A scheme to illegally export high-grade carbon fiber, which is used primarily in aerospace and military applications, from the U.S. to China was foiled on Friday when Chinese national Fuyi Sun, aka “Frank,” 53, pleaded guilty on Friday to violating the International Emergency Economic Powers Act (IEEPA).
“Sun admitted to attempting to procure high-grade carbon fiber, which has sophisticated aerospace and defense applications, for the Chinese military. The defendant was willing to pay a premium to evade U.S. export laws and illegally transfer this highly protected material,” said Acting Assistant Attorney General McCord. “The National Security Division will continue to identify those who violate IEEPA and other laws that protect our national assets from reaching the hands of potential adversaries.”
According to officials, since approximately 2011, Sun used falsified documents and code words in his efforts to obtain and export this highly protected material without being detected.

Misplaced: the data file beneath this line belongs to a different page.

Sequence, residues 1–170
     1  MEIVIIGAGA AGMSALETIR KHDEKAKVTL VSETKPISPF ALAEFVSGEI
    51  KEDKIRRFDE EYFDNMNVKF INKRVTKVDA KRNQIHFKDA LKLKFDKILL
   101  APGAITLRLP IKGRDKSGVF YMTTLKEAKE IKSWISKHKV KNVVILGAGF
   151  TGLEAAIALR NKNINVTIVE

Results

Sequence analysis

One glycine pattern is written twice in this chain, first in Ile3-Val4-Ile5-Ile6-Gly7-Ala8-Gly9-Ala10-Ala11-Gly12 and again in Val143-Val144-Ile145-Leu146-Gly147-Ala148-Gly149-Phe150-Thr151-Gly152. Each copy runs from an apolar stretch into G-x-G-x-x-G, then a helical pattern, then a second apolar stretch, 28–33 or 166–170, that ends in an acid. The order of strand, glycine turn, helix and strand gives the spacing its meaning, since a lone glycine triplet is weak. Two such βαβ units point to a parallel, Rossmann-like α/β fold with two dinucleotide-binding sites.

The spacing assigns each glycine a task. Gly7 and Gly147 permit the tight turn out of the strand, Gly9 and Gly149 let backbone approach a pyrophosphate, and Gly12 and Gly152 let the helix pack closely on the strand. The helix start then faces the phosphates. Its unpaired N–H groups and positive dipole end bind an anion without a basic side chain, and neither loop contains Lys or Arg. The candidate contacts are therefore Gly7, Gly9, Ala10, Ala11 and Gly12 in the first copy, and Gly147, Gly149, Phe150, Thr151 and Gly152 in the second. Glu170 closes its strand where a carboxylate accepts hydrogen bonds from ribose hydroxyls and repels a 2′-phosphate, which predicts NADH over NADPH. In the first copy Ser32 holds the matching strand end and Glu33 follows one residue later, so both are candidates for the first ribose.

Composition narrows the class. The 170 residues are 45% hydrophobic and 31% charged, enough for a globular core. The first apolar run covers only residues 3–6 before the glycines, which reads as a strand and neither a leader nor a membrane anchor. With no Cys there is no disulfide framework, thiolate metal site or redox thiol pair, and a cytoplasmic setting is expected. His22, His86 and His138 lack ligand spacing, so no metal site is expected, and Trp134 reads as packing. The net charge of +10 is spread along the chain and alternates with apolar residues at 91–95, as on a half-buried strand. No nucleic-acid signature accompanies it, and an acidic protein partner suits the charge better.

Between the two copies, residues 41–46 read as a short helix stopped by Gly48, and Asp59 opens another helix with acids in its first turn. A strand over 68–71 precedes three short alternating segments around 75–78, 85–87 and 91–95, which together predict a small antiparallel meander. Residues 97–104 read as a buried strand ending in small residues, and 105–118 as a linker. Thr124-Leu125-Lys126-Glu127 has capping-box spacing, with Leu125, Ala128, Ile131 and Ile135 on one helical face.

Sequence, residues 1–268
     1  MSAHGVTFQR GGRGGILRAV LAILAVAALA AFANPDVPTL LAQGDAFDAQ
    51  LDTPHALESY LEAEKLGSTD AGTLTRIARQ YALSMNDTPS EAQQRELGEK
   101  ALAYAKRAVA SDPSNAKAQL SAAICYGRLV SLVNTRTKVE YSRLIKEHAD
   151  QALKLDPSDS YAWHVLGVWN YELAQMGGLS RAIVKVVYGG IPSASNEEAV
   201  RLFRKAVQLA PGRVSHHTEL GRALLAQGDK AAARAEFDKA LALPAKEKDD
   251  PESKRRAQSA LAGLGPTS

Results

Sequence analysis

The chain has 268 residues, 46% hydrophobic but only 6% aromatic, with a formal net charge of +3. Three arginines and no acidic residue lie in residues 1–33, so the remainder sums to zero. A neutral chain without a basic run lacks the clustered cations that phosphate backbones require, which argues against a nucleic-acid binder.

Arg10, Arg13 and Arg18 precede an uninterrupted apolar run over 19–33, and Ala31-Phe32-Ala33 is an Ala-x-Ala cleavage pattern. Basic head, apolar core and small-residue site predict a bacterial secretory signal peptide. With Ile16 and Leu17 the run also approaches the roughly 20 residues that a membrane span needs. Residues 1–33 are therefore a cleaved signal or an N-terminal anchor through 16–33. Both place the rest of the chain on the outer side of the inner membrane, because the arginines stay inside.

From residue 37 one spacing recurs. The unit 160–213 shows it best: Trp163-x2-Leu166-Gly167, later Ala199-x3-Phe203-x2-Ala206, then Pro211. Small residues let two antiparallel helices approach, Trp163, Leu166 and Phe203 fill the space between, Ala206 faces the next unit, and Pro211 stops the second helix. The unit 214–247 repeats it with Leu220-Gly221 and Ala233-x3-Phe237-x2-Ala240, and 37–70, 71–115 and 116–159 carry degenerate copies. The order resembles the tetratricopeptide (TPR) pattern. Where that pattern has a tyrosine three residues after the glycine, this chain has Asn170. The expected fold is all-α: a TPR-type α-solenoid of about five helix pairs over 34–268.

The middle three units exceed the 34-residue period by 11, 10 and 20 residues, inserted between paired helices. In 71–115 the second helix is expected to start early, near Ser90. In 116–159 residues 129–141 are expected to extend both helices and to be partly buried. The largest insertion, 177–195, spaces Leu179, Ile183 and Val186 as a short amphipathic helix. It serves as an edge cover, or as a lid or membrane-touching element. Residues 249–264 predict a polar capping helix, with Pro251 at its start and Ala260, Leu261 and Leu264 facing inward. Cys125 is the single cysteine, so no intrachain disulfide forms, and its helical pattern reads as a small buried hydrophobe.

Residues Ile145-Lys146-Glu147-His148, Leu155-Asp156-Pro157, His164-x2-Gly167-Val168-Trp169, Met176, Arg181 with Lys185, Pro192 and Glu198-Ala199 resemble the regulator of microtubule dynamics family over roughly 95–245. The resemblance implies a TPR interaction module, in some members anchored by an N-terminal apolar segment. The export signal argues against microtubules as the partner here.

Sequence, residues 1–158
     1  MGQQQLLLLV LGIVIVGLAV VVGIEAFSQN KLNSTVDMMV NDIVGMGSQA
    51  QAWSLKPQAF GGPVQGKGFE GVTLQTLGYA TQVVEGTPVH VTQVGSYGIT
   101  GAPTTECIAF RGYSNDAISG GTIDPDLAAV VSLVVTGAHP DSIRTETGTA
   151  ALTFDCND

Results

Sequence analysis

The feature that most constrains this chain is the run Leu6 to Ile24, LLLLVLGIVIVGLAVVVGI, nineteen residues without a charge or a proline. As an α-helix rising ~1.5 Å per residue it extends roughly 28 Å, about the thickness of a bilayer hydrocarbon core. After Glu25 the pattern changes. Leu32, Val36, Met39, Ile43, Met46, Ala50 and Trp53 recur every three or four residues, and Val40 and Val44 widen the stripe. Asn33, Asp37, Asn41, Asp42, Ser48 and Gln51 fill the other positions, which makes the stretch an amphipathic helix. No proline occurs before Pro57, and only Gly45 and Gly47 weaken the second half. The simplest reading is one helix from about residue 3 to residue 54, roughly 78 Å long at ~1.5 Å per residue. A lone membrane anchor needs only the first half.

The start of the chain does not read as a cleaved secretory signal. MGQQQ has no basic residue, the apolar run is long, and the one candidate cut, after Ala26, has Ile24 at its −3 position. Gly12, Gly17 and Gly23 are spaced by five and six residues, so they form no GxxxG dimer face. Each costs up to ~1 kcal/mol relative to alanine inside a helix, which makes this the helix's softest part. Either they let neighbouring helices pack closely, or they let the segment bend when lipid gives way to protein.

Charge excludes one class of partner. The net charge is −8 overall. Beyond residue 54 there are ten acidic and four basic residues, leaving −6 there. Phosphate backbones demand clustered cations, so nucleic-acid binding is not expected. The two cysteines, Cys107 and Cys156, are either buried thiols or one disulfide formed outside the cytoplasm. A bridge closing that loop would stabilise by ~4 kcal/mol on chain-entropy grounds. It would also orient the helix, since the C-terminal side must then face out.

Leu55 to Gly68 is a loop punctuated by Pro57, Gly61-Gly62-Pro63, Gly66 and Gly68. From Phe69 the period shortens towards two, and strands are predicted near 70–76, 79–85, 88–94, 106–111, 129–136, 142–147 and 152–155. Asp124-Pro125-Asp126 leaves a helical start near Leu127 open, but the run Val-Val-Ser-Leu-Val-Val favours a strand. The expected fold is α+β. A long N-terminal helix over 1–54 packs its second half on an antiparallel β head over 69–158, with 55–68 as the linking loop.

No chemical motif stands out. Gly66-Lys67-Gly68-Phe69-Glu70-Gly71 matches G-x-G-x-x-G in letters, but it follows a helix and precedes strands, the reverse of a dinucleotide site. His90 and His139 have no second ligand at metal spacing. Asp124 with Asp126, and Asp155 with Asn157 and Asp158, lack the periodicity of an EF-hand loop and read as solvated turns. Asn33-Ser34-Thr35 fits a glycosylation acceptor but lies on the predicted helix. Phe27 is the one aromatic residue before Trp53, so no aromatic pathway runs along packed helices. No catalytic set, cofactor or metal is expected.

High-grade carbon fiber, which is strictly controlled and requires a license for export to China, has applications in aerospace technologies, drones, and other government defense applications, including nuclear non-proliferation and anti-terrorism.
Sun was caught in a sting operation, which was set up by undercover special agents of the U.S. Immigration and Customs Enforcement’s Homeland Security Investigations (ICE-HSI) and went on for years, according to a report from the Justice Department.
When Sun met with the undercover agents, on or about April 11 and 12, he repeatedly suggested that the Chinese military was the ultimate end-user for the M60 Carbon Fiber, and claimed to have personally worked in the Chinese missile program. Sun further asserted that he maintained a close relationship with the Chinese military, had a sophisticated understanding of the Chinese military’s need for carbon fiber, and suggested that he would be supplying the M60 Carbon Fiber to the Chinese military or to institutions closely associated with it.
Sun was arrested the day after he agreed to purchase two cases of M60 Carbon Fiber from the undercover agents, having paid them $23,000 in cash for the carbon fiber, as well as an additional $2,000 as compensation for the risk he believed the UC Company was taking to illegally export the carbon fiber to China without a license.
Sun faces a maximum sentence of 20 years in prison. He is scheduled to be sentenced on July 26.
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